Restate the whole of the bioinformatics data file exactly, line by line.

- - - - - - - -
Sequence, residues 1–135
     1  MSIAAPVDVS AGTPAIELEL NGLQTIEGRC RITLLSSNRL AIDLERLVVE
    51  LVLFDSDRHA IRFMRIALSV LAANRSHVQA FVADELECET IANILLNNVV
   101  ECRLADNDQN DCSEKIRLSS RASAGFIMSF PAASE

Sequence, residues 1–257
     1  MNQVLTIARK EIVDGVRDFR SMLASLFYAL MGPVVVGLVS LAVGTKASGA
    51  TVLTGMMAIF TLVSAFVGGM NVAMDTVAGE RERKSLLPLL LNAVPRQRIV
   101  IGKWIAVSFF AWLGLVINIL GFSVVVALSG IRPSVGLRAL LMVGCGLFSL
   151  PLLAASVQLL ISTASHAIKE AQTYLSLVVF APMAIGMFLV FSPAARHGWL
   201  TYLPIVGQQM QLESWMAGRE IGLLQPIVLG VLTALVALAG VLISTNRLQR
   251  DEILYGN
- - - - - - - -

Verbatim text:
Sequence, residues 1–135
     1  MSIAAPVDVS AGTPAIELEL NGLQTIEGRC RITLLSSNRL AIDLERLVVE
    51  LVLFDSDRHA IRFMRIALSV LAANRSHVQA FVADELECET IANILLNNVV
   101  ECRLADNDQN DCSEKIRLSS RASAGFIMSF PAASE

Sequence, residues 1–257
     1  MNQVLTIARK EIVDGVRDFR SMLASLFYAL MGPVVVGLVS LAVGTKASGA
    51  TVLTGMMAIF TLVSAFVGGM NVAMDTVAGE RERKSLLPLL LNAVPRQRIV
   101  IGKWIAVSFF AWLGLVINIL GFSVVVALSG IRPSVGLRAL LMVGCGLFSL
   151  PLLAASVQLL ISTASHAIKE AQTYLSLVVF APMAIGMFLV FSPAARHGWL
   201  TYLPIVGQQM QLESWMAGRE IGLLQPIVLG VLTALVALAG VLISTNRLQR
   251  DEILYGN